A part of F1 ATP synthase complex: alpha, beta and gamma subunits (PDB: 1bmf​)

ATPases (or ATP synthases) are membrane-bound enzyme complexes/ion transporters that combine ATP synthesis and/or hydrolysis with the transport of protons across a membrane. ATPases can harness the energy from a proton gradient, using the flux of ions across the membrane via the ATPase proton channel to drive the synthesis of ATP.

ATP synthase alpha/beta family, beta-barrel domain
Identifiers
SymbolATP-synt_ab_N
PfamPF02874
InterProIPR004100
PROSITEPDOC00137
SCOPe1bmf
SUPERFAMILY1bmf
ATP synthase alpha/beta family, nucleotide-binding domain
Identifiers
SymbolATP-synt_ab
PfamPF00006
InterProIPR000194
PROSITEPDOC00137
SCOPe1bmf
SUPERFAMILY1bmf
ATP synthase alpha/beta chain, C terminal domain
Identifiers
SymbolATP-synt_ab_C
PfamPF00306
InterProIPR000793
SCOPe1bmf
SUPERFAMILY1bmf

Some ATPases work in reverse, using the energy from the hydrolysis of ATP to create a proton gradient.

There are different types of ATPases, which can differ in function (ATP synthesis and/or hydrolysis), structure (F-, V- and A-ATPases contain rotary motors) and in the type of ions they transport.[1][2]

  • F-ATPases (F1Fo ATPases) in mitochondria, chloroplasts and bacterial plasma membranes are the prime producers of ATP, using the proton gradient generated by oxidative phosphorylation (mitochondria) or photosynthesis (chloroplasts).
  • V-ATPases (V1Vo ATPases) are primarily found in eukaryotic vacuoles, catalysing ATP hydrolysis to transport solutes and lower pH in organelles.
  • A-ATPases (A1Ao ATPases) are found in Archaea and function like F-ATPases.
  • P-ATPases (E1E2 ATPases) are found in bacteria and in eukaryotic plasma membranes and organelles, and function to transport a variety of different ions across membranes.
  • E-ATPases are cell-surface enzymes that hydrolyse a range of nucleoside triphosphates, including extracellular ATP.

The alpha and beta (or A and B) subunits are found in the F1, V1, and A1 complexes of F-, V- and A-ATPases, respectively, as well as flagellar ATPase and the termination factor Rho. The F-ATPases (or F1Fo ATPases), V-ATPases (or V1Vo ATPases) and A-ATPases (or A1Ao ATPases) are composed of two linked complexes: the F1, V1 or A1 complex contains the catalytic core that synthesizes/hydrolyses ATP, and the Fo, Vo or Ao complex that forms the membrane-spanning pore. The F-, V- and A-ATPases all contain rotary motors, one that drives proton translocation across the membrane and one that drives ATP synthesis/hydrolysis.[3][4]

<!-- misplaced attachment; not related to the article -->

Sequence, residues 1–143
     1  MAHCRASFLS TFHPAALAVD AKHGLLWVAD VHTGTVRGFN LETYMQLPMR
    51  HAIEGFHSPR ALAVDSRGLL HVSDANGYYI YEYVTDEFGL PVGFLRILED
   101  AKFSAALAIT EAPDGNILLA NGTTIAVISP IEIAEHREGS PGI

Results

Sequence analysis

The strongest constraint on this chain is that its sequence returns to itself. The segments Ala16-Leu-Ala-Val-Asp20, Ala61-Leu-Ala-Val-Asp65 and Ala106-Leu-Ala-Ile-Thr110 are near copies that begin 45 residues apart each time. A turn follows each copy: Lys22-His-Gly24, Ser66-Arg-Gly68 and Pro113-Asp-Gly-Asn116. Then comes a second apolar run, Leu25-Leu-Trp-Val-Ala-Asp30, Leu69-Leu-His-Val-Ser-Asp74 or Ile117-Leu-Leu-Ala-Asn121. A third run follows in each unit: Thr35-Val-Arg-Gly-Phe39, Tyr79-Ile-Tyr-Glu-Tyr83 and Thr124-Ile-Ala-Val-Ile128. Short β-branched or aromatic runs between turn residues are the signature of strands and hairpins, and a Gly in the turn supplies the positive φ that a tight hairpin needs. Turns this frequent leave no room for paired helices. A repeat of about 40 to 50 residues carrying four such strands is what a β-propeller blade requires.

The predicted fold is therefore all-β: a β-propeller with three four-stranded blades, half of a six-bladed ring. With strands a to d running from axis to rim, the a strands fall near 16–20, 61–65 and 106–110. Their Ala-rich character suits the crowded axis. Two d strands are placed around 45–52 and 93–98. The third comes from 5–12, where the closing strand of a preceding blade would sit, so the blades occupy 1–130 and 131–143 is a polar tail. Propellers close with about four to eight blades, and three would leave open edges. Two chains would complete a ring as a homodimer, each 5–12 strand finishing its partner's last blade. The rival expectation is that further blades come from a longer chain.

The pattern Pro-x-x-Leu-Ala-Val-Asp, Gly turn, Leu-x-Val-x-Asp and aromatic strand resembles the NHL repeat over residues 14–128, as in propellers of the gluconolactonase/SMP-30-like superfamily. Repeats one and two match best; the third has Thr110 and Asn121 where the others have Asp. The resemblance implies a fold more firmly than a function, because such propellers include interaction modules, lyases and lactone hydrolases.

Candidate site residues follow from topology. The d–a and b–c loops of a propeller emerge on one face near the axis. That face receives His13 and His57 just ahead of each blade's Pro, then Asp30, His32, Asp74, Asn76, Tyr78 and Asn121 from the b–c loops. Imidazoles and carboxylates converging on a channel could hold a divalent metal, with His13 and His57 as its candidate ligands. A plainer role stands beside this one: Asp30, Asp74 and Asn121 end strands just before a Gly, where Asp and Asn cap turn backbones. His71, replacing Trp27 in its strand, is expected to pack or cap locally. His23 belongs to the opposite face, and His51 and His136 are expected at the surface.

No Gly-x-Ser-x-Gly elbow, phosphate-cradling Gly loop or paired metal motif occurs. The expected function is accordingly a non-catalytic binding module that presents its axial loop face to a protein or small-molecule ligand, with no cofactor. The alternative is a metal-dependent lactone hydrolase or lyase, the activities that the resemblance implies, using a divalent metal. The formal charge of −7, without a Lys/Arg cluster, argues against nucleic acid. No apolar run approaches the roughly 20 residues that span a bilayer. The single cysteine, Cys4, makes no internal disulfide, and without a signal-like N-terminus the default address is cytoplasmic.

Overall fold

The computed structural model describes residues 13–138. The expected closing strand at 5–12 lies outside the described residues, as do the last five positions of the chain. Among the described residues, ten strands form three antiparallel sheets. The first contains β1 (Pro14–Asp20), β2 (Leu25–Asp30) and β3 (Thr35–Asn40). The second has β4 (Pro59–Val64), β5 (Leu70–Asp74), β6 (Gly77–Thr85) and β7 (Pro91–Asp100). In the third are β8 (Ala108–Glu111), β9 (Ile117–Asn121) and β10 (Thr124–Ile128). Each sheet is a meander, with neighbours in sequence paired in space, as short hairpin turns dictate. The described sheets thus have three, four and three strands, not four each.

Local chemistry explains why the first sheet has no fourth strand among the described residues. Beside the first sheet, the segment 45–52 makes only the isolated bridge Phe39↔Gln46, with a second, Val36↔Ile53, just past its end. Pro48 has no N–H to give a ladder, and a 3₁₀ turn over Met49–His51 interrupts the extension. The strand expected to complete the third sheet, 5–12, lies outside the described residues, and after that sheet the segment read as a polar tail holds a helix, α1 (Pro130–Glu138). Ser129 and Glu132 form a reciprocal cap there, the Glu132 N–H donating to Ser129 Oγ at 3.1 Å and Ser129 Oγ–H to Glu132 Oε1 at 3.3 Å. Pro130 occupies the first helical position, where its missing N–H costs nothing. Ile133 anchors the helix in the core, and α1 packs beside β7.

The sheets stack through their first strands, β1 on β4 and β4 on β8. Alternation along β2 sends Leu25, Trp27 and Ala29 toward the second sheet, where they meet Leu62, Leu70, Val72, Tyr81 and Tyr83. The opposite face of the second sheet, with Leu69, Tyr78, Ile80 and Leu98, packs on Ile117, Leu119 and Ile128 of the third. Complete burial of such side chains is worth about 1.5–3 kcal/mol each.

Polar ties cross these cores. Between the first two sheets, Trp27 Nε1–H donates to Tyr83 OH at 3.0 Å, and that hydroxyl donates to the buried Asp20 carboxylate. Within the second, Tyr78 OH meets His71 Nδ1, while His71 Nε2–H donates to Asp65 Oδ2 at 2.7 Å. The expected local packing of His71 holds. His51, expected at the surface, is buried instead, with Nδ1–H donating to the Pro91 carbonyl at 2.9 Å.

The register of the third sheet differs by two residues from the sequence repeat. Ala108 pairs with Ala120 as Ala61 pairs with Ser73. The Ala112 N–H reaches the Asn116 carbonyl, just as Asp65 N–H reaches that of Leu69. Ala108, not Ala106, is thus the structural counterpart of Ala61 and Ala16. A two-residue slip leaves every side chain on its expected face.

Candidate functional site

In F-ATPases, there are three copies each of the alpha and beta subunits that form the catalytic core of the F1 complex, while the remaining F1 subunits (gamma, delta, epsilon) form part of the stalks. There is a substrate-binding site on each of the alpha and beta subunits, those on the beta subunits being catalytic, while those on the alpha subunits are regulatory. The alpha and beta subunits form a cylinder that is attached to the central stalk. The alpha/beta subunits undergo a sequence of conformational changes leading to the formation of ATP from ADP, which are induced by the rotation of the gamma subunit, itself is driven by the movement of protons through the Fo complex C subunit.[5]

In V- and A-ATPases, the alpha/A and beta/B subunits of the V1 or A1 complex are homologous to the alpha and beta subunits in the F1 complex of F-ATPases, except that the alpha subunit is catalytic and the beta subunit is regulatory.

The alpha/A and beta/B subunits can each be divided into three regions, or domains, centred on the ATP-binding pocket, and based on structure and function. The central domain contains the nucleotide-binding residues that make direct contact with the ADP/ATP molecule.[6]

Human proteins containing this domainEdit

ReferencesEdit

  1. ^ Muller V, Cross RL (2004). "The evolution of A-, F-, and V-type ATP synthases and ATPases: reversals in function and changes in the H+/ATP coupling ratio". FEBS Lett. 576 (1): 1–4. doi:10.1016/j.febslet.2004.08.065. PMID 15473999.
  2. ^ Zhang X, Niwa H, Rappas M (2004). "Mechanisms of ATPases--a multi-disciplinary approach". Curr Protein Pept Sci. 5 (2): 89–105. doi:10.2174/1389203043486874. PMID 15078220.
  3. ^ Itoh H, Yoshida M, Yasuda R, Noji H, Kinosita K (2001). "Resolution of distinct rotational substeps by submillisecond kinetic analysis of F1-ATPase". Nature. 410 (6831): 898–904. doi:10.1038/35073513. PMID 11309608.
  4. ^ Wilkens S, Zheng Y, Zhang Z (2005). "A structural model of the vacuolar ATPase from transmission electron microscopy". Micron. 36 (2): 109–126. doi:10.1016/j.micron.2004.10.002. PMID 15629643.
  5. ^ Amzel LM, Bianchet MA, Leyva JA (2003). "Understanding ATP synthesis: structure and mechanism of the F1-ATPase (Review)". Mol. Membr. Biol. 20 (1): 27–33. doi:10.1080/0968768031000066532. PMID 12745923.
  6. ^ Chandler D, Wang H, Antes I, Oster G (2003). "The unbinding of ATP from F1-ATPase". Biophys. J. 85 (2): 695–706. doi:10.1016/S0006-3495(03)74513-5. PMC 1303195. PMID 12885621.
This article incorporates text from the public domain Pfam and InterPro: IPR000194